Wow, this works... (A bean property annotation for Java)

Ok, I've added a few more features (the ability to call an external method prior to actually setting the value). I've also found out that there will not be any IDE support available yet. Netbeans will not have JSR269 support until 6.0, and Eclipse will not have the support until 3.3. Bummer.

Right now this works with javac from JDK 6, need to try it in various IDEs to see if it will work as well. (Yes, I understand this is against the specification for JSR269 [no preprocessing annotations]).

[pfnguyen@ares panno]$ ls
A.java  B.java
[pfnguyen@ares panno]$ cat A.java
import com.hanhuy.panno.Property;

import java.sql.SQLException;

public class A {
    private @Property String fool = "I pity the foo!";
    private @Property boolean alwaysRight = false;

    private @Property(useGet = true) boolean booleanWithGet = false;

    // preCallMethod can also point to another object, e.g. "someObject.method"
    @Property(preCallMethod = "genericValidator",
              preCallThrows = "SQLException")
    private int constrainedProperty = 42;

    public A() {
        System.out.println("A<init>: " + getFool());
    }

    private void genericValidator(
            A source, String property, int oldValue, int newValue)
    throws SQLException {

        System.out.println(
                "Attempting to modify '" + property + "' to " + newValue);

        if (newValue != 54)
            throw new SQLException(
                    "This is some arbitrary exception: " + newValue);
    }
}
[pfnguyen@ares panno]$ cat B.java
import java.sql.SQLException;

public class B {
    public static void main(String args[]) {
        A a = new A();
        System.out.println(a.getFool());
        a.setFool("I am not a fool");
        System.out.println(a.getFool());
        System.out.println(a.isAlwaysRight());
        a.setAlwaysRight(true);
        System.out.println(a.isAlwaysRight());
        System.out.println(a.getBooleanWithGet());
        System.out.println(a.getConstrainedProperty());
        try {
            a.setConstrainedProperty(54);
        }
        catch (SQLException e) {
            System.out.println("This should not happen yet!");
        }
        try {
            a.setConstrainedProperty(42);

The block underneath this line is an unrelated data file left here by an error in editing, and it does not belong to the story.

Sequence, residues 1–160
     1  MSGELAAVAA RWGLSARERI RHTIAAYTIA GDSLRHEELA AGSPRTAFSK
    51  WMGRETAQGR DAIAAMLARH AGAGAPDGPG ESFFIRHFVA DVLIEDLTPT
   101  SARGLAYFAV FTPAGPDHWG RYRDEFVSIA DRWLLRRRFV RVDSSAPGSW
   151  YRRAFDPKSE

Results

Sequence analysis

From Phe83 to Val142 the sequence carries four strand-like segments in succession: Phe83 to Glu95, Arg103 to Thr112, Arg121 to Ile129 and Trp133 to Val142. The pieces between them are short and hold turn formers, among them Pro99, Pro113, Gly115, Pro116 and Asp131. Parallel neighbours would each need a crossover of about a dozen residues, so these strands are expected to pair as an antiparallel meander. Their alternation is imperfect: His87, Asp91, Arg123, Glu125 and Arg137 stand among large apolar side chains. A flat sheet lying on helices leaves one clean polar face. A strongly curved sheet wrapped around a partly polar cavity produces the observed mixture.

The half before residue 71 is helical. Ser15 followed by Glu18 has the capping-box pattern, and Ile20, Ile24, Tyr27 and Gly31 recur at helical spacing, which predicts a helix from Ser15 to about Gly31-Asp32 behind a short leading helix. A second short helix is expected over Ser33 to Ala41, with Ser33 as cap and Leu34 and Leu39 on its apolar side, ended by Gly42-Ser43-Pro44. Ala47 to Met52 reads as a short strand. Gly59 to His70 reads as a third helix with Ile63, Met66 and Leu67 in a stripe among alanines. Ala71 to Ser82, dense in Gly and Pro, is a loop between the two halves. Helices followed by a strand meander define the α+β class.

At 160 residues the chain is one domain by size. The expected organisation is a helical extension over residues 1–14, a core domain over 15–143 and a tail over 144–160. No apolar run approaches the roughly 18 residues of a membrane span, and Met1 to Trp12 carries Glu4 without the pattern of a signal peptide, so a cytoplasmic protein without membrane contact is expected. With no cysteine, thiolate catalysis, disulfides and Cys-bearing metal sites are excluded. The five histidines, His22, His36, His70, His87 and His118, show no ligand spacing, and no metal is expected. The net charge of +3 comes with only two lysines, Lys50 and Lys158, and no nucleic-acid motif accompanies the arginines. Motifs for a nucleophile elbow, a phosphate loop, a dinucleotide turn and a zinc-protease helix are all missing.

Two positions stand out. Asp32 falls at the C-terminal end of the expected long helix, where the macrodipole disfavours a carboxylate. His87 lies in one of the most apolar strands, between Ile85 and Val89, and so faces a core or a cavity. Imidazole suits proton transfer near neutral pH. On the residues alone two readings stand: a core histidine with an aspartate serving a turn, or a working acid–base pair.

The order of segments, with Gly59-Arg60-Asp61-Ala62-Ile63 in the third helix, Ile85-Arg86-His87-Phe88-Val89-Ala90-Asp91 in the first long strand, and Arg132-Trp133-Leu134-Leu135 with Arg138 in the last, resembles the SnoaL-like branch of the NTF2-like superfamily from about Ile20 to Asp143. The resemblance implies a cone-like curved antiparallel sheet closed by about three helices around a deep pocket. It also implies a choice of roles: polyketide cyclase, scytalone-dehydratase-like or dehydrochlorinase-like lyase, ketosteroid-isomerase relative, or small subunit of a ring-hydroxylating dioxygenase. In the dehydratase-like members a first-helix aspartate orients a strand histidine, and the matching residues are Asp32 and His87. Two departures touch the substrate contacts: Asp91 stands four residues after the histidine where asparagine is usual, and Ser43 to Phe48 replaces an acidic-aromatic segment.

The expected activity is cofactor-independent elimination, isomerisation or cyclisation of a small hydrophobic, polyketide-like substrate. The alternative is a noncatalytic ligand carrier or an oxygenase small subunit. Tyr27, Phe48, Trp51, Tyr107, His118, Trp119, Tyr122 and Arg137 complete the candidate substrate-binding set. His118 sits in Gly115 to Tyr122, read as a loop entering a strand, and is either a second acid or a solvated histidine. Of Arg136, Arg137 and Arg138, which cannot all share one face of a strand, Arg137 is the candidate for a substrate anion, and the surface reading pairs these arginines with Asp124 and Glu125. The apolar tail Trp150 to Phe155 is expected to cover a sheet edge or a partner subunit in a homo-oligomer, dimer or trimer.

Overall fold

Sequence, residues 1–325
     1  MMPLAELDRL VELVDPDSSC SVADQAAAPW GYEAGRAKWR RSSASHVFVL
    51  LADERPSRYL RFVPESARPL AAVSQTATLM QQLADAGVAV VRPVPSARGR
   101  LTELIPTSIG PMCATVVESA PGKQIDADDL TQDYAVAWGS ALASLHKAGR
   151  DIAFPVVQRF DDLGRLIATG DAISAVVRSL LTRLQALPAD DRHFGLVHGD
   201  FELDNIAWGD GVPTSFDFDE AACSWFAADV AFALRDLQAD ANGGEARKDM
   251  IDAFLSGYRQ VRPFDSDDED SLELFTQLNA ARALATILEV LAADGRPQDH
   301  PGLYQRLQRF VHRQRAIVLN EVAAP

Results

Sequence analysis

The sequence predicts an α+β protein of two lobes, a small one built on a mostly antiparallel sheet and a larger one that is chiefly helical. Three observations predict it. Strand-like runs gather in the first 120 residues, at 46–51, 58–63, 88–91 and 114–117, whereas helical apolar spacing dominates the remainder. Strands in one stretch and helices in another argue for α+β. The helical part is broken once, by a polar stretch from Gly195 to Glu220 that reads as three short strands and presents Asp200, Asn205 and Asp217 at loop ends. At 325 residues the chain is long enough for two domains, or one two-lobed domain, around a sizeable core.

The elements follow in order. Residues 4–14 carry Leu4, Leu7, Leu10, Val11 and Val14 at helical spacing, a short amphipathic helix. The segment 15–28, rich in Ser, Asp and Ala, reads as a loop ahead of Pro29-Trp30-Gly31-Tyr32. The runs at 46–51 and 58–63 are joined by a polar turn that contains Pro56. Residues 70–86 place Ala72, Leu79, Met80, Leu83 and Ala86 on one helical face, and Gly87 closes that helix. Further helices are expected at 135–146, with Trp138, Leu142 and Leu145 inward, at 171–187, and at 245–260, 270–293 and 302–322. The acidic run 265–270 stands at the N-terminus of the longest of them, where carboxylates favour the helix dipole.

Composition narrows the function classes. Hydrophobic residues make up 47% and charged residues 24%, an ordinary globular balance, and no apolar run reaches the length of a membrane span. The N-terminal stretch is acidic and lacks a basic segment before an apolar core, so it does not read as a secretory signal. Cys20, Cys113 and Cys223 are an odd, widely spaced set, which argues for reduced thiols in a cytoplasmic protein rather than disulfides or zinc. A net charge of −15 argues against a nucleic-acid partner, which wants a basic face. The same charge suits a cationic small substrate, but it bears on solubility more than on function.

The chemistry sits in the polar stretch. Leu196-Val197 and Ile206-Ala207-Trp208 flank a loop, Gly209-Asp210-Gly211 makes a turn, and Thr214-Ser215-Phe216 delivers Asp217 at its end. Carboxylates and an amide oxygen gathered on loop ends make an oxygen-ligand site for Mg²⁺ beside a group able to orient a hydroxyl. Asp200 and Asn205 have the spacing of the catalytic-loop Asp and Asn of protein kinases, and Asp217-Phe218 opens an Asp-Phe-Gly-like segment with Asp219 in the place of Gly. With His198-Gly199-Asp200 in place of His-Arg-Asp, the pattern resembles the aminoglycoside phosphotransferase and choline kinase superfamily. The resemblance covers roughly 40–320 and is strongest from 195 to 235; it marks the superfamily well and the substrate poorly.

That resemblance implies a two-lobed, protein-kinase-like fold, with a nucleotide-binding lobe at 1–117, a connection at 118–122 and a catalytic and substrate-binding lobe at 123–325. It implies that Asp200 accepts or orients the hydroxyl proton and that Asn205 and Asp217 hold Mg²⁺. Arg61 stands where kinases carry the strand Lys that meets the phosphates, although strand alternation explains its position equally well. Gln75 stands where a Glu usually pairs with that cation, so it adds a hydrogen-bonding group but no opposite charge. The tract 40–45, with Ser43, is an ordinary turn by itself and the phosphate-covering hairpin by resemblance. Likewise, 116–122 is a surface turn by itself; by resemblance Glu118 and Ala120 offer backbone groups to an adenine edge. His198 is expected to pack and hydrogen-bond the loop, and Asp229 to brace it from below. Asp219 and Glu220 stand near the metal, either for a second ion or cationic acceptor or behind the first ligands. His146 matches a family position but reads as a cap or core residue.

}
        catch (SQLException e) {
            System.out.println("Got expected exception: " + e.getMessage());
            e.printStackTrace();
        }
    }
}
[pfnguyen@ares panno]$ javac -cp ~/development/panno/build/hanhuy-panno.jar *.java
[pfnguyen@ares panno]$ java -cp . B
A<init>: I pity the foo!
I pity the foo!
I am not a fool
false
true
false
42
Attempting to modify 'constrainedProperty' to 54
Attempting to modify 'constrainedProperty' to 42
Got expected exception: This is some arbitrary exception: 42
java.sql.SQLException: This is some arbitrary exception: 42
        at A.genericValidator(A.java:28)
        at A.setConstrainedProperty(A.java:13)
        at B.main(B.java:21)
[pfnguyen@ares panno]$ javap A
Compiled from "A.java"
public class A extends java.lang.Object{
    public A();
    public void setFool(java.lang.String);
    public java.lang.String getFool();
    public void setAlwaysRight(boolean);
    public boolean isAlwaysRight();
    public void setBooleanWithGet(boolean);
    public boolean getBooleanWithGet();
    public void setConstrainedProperty(int)       throws java.sql.SQLException;
    public int getConstrainedProperty();
}

Comments: 6

#6 Christian B wrote on Monday, October 3, 2011 at 6:07 PM

Where is the implementation for your @Property

Did I just miss it on page?

#5 Authenticated User Perry Nguyen wrote on Tuesday, August 11, 2009 at 4:05 PM

I haven't looked into making this work any further, my code was basically just a proof-of-concept.

You may want to take a look at Project Lombok - http://projectlombok.org/

#4 Florian Brunner wrote on Tuesday, August 11, 2009 at 9:26 AM

Hi, this sounds very interesting! Can you show the code how you implemented it? Could you make the NetBeans IDE to support it?

#3 Strider80 wrote on Saturday, November 24, 2007 at 7:41 PM

Great idea, and of course you don't need Sun's support to start using your own annotations and annotation processor.

I replied with some more ideas and suggestions on your forum post here http://forum.java.sun.com/thread.jspa?messageID=9986112

(Also I'm very interested in seeing relevant parts of your implementation of the annotation processor because I'm kind of new at that.)

#2 Authenticated User Perry Nguyen wrote on Friday, May 18, 2007 at 3:13 PM

With regard to IDE support, I believe if I can use the same approach for injecting the methods into the AST for the IDE as I do for javac then IDE support will be a non-issue.

The big problem is just figuring out the appropriate APIs to use to make this happen. Since JSR269 explicitly disallows this, I need to find some backdoor mechanisms. This varies by IDE. Hopefully, Netbeans 6.0 will work out of the box, since it practically uses the unmodified compiler (and will include JSR269 support)

I will try hacking at Eclipse 3.3 when I get more time.

#1 Andrew Eisenberg wrote on Wednesday, May 16, 2007 at 10:43 AM

This is a great idea. Please keep at it. It would be great to have something like this (almost) supported in the JDK.

Also regarding IDE support, a problem will be eager parsing of the files. When editing, there will be lots of squiggly lines under all the get and set methods because they don't exist when editing.

Eclipse 3.3M7 has the JSR 269 interfaces mapped out and the proper compiler hooks, but it's not documented yet.

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